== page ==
The couple is touring the states, dining their way through our country’s metropolitan culinary hotspots (New York, Vegas, Los Angeles, etc.). So when I learned that they’d be visiting Houston, it was with no small measure of pride that I suggested a double date last night at Tony’s, where Tony and his chef de cuisine Kate McLean (another friend) are putting out some of the best food in the nation imho.
Kobe grade a5 beef is always a joy ride as was a spectacular risotto alla milanese. But the star of our evening was Tony’s new and blasphemous spaghetti alla carbonara, made with pecorino (no Parmigiano Reggiano), lightly sautéed pancetta, crispy guanciale, and raw sea urchin.
To my palate, the dish was a study in savory, delicately briny texture, with each of the “salt-delivery” components delivering a unique and distinct, nuanced layer.
But the addition of the raw urchin gave the housemade spahgetti alla chitarra an ethereal marine note that took the dish into an even higher realm of hedonist fulfillment. It was that good.
Our dinner and enogastronomically driven conversation reminded me of a gastro-philological nugget recently shared with me by my colleague and good friend Chris Reid, who writes — among other things — about barbecue for the Houston Chronicle (you may remember Chris from his 2012 New York Times piece on Texas barbecue outside of Texas).
Above: an article culled from the July 26, 1950 edition of the Italian national daily La Stampa may represent the earliest known mention of spaghetti alla carbonara in print. Click here for a PDF of the entire page.
A number of people on both sides of the Atlantic (including me) have used the Google Books search engine to find early mentions of carbonara, where the term refers to the famous Roman dish (and not its many other meanings in Italian).
But Chris has found what may be the earliest known mention in print in the newly available digital archive of the Italian national daily La Stampa.
The article describes the Pope’s visit to the Festa de’ Noantri, the colorful summer festival held each July in Trastevere.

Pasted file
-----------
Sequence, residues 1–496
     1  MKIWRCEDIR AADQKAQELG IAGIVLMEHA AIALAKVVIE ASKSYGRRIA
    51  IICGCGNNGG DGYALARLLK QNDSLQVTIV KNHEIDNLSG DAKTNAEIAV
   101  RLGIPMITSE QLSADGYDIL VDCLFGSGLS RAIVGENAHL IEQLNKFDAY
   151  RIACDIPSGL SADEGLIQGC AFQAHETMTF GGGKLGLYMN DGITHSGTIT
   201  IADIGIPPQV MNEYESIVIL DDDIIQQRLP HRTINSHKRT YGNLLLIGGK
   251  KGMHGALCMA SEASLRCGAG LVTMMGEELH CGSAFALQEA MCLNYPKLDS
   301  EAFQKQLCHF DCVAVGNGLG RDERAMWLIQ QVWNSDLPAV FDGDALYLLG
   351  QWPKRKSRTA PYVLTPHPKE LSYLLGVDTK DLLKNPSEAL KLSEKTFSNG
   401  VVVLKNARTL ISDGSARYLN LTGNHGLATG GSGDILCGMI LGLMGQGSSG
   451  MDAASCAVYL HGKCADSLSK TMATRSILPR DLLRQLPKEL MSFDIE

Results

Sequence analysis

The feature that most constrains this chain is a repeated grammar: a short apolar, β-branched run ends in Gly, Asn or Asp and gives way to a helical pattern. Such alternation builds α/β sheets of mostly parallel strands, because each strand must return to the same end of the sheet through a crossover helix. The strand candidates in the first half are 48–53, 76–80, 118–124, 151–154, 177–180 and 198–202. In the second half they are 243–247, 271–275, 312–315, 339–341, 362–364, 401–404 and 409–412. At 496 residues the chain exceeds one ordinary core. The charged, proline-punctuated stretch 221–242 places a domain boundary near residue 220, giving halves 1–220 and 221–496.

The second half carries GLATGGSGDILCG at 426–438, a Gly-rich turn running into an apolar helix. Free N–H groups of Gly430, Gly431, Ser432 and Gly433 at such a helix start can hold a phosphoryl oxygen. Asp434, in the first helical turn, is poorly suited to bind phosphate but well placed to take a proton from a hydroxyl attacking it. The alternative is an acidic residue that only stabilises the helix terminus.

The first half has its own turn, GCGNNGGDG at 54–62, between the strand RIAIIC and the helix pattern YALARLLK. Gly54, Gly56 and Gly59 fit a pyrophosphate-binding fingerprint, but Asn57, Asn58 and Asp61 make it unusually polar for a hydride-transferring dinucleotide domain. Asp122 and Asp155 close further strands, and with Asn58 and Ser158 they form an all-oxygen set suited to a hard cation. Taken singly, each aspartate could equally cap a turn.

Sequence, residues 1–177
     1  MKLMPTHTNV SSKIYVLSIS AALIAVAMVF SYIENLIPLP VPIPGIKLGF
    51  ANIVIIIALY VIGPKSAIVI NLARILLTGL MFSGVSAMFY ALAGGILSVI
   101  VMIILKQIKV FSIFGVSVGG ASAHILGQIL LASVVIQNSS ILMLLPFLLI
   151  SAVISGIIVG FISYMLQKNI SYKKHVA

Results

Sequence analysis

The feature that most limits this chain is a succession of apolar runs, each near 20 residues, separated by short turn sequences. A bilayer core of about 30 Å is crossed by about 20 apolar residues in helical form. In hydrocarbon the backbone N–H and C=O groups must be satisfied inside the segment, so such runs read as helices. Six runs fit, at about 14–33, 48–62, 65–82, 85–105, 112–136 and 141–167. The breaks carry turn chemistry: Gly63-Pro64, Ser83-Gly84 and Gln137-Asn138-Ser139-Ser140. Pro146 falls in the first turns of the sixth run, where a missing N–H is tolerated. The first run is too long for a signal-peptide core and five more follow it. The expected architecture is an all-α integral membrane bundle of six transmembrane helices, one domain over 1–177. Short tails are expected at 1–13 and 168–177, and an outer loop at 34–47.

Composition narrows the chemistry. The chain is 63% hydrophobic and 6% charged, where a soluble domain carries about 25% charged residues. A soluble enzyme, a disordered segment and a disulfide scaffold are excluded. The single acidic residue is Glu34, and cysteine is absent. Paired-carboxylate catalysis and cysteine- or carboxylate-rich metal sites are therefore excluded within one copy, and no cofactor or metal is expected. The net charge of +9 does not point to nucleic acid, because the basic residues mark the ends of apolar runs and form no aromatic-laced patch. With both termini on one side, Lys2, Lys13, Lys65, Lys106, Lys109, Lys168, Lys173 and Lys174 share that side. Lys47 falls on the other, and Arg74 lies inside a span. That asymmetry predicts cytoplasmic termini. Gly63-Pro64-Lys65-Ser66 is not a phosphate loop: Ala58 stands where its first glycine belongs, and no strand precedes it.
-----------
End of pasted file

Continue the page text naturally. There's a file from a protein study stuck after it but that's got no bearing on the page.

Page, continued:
In a paragraph devoted to the neighborhood’s top trattorie, the author mentions “Cesaretto alla Cisterna — to name one of the most well known [restaurants] outside of Italy — who boasts ancient origins, being that his osteria rose from the ruins of another famous eatery in the time of Fabio Massimo [Quintus Fabius Maximus Rullianus]. It was this tavern keeper who first welcomed American officials who had come to Trastevere, many years ago now, in search of spaghetti alla carbonara.”
The passage is interesting for a number of reasons but chiefly because it associates the renown of carbonara with American military men.
American forces first arrived in Rome in 1944 and the fact that the author claims that Cesaretto (literally, little Caeser) was the first to serve American officials would seem to imply that he was the first to popularize the dish if not the dish’s inventor.
Is it possible and even probable that carbonara was inspired by American soldiers’ love of bacon and eggs? The passage above seems to give weight to the American influence theory.
We may never know the origins of spaghetti alla carbonara but I can’t imagine that we will ever stop looking for it, just like the American officials who headed to Cesaretto in search of the dish.
In other news…
Assoenologi, the association of Italian enologists, has published its early harvest forecast and the numbers are grim. After one of the rainest years in our lifetime, some regions will see a 30 percent drop in production. I’ll post about it on Monday.